News and views on U.S.-Iran relations for February 12-14:
- The Washington Post: On her “Right Turn” blog, Jennifer Rubin asks “Will Obama now reverse course on Iran?” “We should re-evaluate the ongoing, useless talks with the Iranian regime on its nuclear weapons program, which have the effect of legitimizing the regime and depressing the opposition,” says Rubin. “Instead, in international bodies and with allies we should pursue a full court press to isolate the Iranian regime and highlight its dismal human rights record.” The neoconservative Foreign Policy Initiative’s Jamie Fly tells Rubin “If the administration is serious about regime change, it is going to have to give up its hopes of a negotiated solution to Iran’s nuclear weapons program.”
- Commentary: Abe Greenwald writes about the reports on protests in Tehran and the house arrest of opposition leader Mir Hossein Mousavi. “Given the regional political temperature, the Iranian regime’s historical inclination to absolute security, and the new suspicion that Washington is content to be a witness to atrocity, there could be a perfect paranoid storm brewing in the minds of Ayatollah Ali Khamenei and President Mahmoud Amadinejad.”
- The Wall Street Journal: Melik Kaylan opines on Iranian official’s decision to “outlaw Valentines Day” and observes, “The state, for its part, continues to respond with a Whack-a-Mole approach to any social ripple not dreamt of in its philosophy.” He goes on, “[W]ith mosque and state firmly conjoined, there’s no stray detail of daily life so arcane that the scriptures can’t be mobilized to rein it in.”
- The Wall Street Journal: The Journal’s editorial board writes, “The hard men of Tehran are now seeking to tap into Egypt’s revolutionary fervor, hailing Hosni Mubarak’s downfall as “a great victory,” but acknowledge that the Iranian government is concerned about the upsurge of pro-Democracy movements in the region. “Clearly the mullahs are nervous about contagion,” they conclude.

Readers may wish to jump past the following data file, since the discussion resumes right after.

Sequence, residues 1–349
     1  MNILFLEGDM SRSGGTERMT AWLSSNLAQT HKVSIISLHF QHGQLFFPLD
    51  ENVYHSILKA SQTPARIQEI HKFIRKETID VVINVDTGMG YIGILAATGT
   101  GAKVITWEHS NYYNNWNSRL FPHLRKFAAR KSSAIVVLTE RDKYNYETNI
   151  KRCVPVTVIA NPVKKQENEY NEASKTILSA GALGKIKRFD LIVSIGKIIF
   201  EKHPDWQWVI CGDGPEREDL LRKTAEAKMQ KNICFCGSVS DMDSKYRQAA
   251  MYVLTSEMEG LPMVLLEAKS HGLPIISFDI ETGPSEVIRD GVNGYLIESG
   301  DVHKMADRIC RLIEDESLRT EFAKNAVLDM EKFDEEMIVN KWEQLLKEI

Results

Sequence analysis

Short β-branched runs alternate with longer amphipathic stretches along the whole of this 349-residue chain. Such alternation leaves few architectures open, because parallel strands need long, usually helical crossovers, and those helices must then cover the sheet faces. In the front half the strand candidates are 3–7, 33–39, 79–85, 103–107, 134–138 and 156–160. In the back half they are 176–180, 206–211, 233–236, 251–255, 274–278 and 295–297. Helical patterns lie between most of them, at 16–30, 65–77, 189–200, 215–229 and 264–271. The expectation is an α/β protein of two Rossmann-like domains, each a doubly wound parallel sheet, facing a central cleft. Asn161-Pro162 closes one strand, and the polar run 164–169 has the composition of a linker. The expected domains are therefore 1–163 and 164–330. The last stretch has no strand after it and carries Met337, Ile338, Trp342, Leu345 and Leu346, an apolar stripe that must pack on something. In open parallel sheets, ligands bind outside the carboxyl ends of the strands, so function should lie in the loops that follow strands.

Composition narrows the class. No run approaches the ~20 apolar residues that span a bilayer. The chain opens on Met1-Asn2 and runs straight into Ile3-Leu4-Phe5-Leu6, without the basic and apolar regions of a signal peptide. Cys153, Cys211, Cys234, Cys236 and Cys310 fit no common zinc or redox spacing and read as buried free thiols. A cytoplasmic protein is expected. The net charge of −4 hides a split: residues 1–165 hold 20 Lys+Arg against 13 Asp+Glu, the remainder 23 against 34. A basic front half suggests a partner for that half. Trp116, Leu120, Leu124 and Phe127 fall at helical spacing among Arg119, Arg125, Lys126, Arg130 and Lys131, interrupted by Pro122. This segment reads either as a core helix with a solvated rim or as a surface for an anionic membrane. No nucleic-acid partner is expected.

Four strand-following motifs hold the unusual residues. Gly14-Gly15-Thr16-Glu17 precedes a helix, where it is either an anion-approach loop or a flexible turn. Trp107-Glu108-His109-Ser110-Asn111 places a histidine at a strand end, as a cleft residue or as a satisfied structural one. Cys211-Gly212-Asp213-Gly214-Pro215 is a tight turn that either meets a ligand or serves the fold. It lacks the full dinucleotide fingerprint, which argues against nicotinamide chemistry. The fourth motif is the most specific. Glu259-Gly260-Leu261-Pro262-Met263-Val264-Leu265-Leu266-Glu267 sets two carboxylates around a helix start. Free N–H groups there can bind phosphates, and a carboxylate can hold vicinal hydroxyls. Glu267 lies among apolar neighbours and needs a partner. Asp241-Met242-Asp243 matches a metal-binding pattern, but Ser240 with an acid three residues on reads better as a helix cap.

I hate to give the appearance of agreeing with Jennifer Rubin, but it just might be time to ratchet up the pressure on the current Iranian regime, in the hope of helping to bring about its downfall.
It remains to be seen whether the revolutionary forces sweeping the Middle East will be strong enough to bring down all the tyrants in the region. If I had to guess, I’d say that the forces of repression will win out, despite the powerful example of Egypt. But if there’s anything we can do to help get rid of these regimes, we shouldn’t hesitate. U.S.-Iranian relations could enter a whole new phase — a fresh start — if the current regime goes. I doubt it will happen, at least at this time, but if we can do something other than stand by and watch, we should. A moment like this may not recur for years, decades.
Of course Jon, you ignore that anything we do will be counterproductive. So Iranian activists were gathered across from the Fed. courts building yesterday. I walked up and asked what they want, they said “democracy and freedom in Iran.” I asked, ok, what do you want to US to do about it, any help we give will tarnish the Green movement.” He agreed and many others voiced their agreement. We talked a bit more, they we just trying to raise awareness, they didn’t want help either.
This jibes with what the opposition movement leaders have all said, so, in light of that, what should we do Jon? I think I share your attitude of wanting to seize the moment, but what to do.
Oh, I would be guided by what the opposition wanted the U.S. to do. If they say do nothing, then fine, we do nothing.
Obama did a pretty good job as events unfolded in Egypt. I’d trust his judgement.
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